Cryopreserved peripheral blood mononuclear cells (PBMCs) from COBRA participants and blood donors were used for immune phenotyping as described previously (16, 17). PBMC were thawed and cell viability was analyzed by trypan blue staining and for FACS analysis cell viability was required to be >75%. PBMC were stained with conjugated monoclonal antibodies (mAbs) for 30 min at 4°C in the dark. Fluorescence was measured with the FACS Canto II (BD Biosciences). The proportion of cells and the mean fluorescence intensity (MFI) of the markers was determined using FlowJo 7.6 (TreeStar, Ashland, OR).
Monocyte subsets were defined based on the CD14 and CD16 expression: classical (CD14+CD16−), intermediate (CD14+CD16+), and non-classical (CD14+CD16++) monocytes. Within these subsets, the expression levels of activation markers (CD163, CD32, CD64, HLA-DR, CD38), T-cell costimulatory molecules (CD40 and CD86), and adhesion molecules (CD91, CD11c, and CX3CR1) were determined.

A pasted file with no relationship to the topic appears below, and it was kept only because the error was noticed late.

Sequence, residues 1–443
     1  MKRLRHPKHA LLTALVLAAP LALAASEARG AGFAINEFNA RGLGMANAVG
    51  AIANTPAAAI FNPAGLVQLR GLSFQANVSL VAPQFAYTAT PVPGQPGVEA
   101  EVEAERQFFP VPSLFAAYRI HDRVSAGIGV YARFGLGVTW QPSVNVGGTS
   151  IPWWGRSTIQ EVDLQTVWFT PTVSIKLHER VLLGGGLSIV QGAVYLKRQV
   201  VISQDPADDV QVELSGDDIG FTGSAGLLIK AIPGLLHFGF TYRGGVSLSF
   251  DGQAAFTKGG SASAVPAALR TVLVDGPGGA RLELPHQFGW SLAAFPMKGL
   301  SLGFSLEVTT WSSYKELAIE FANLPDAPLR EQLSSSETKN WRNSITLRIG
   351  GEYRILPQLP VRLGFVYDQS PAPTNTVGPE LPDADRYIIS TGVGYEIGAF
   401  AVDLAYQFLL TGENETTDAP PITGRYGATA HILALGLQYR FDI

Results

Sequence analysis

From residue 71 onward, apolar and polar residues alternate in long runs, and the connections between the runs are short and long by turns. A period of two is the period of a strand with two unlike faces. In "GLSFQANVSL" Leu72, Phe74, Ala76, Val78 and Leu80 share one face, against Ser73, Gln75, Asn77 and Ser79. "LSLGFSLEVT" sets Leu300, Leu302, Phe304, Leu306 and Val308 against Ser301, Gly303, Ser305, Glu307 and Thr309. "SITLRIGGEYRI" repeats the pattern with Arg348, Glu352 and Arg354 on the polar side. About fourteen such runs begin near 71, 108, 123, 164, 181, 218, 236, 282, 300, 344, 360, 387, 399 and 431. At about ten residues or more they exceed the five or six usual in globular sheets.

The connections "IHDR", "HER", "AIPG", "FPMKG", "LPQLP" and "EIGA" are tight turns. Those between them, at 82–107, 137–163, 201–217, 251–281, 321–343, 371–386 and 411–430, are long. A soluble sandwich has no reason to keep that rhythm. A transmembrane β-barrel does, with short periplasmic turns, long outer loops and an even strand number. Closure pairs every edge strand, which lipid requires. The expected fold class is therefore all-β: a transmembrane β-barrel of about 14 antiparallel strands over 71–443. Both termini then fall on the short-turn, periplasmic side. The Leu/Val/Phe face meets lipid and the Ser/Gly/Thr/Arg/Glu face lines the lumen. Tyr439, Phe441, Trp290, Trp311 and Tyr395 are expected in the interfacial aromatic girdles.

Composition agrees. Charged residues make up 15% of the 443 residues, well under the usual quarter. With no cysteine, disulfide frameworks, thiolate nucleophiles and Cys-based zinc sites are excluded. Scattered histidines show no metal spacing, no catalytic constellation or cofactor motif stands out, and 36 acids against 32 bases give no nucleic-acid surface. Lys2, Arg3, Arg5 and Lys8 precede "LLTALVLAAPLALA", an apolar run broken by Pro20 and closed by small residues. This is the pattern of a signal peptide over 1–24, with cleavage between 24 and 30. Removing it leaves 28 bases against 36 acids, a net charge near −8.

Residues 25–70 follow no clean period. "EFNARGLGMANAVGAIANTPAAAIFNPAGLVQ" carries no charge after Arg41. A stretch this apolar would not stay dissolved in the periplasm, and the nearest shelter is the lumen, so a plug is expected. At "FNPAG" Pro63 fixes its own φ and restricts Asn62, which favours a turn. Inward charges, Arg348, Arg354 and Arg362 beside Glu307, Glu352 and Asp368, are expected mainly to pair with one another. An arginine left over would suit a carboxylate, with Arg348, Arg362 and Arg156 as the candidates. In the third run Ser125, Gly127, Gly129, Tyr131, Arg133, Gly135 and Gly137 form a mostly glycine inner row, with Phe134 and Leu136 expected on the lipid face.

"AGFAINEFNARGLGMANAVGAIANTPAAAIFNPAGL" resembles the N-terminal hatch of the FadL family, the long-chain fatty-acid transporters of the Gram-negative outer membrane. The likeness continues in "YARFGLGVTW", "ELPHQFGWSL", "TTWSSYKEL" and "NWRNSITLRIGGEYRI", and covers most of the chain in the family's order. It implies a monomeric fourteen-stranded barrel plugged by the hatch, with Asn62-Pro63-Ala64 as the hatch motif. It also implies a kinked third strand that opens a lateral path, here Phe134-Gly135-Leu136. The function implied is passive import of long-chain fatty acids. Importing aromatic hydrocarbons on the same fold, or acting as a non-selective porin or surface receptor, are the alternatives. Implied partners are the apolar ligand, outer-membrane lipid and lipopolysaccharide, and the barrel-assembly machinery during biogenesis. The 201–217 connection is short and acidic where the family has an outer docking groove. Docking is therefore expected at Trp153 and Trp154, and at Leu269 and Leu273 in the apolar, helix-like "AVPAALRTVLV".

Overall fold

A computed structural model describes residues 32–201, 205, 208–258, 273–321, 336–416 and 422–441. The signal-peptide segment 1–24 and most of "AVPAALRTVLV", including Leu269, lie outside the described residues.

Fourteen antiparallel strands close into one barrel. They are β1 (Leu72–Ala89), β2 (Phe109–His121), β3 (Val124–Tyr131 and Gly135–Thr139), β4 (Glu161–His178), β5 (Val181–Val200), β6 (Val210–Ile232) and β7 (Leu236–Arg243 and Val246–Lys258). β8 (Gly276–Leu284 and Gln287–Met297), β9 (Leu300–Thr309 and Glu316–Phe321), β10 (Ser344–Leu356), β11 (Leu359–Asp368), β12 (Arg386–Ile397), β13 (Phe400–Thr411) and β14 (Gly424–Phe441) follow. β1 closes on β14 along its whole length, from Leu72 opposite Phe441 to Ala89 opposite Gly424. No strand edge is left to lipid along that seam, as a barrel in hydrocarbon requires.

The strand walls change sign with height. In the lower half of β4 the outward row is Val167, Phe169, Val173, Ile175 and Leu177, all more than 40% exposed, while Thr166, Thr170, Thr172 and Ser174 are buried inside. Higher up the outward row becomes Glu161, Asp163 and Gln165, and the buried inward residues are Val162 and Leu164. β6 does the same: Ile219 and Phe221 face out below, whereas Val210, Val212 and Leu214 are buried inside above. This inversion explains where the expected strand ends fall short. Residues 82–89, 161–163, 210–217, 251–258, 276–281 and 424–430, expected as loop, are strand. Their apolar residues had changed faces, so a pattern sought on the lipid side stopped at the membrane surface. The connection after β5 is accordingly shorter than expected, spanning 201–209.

T cell subsets were determined by the expression of CD45RA, CD27 and CCR7 and were defined as naïve (CD45RA+CD27+CCR7+), central memory (CD45RA−CCR7+CD27+), transitional memory (CD45RA−CCR7−CD27+), effector memory (CD45RA−CCR7−CD27−), and terminally differentiated effector memory (TEMRA; CD45RA+CCR7−CD27−) within the total CD4+ or CD8+ T cell population. The proportion of naïve T cells expressing CD31 and CD127 (IL-7Rα) was determined. T cell activation and exhaustion was determined by the proportion of cells that were positive for both CD38 and HLA-DR or PD1 within the total CD4+ or CD8+ T cell population. Terminally differentiated T cells within the CD4+ or CD8+ population were defined as proportion of CD57 positive cells, proportion of cells negative for both CD27 and CD28, or the proportion of CD57 positive cells within the CD28−negative population.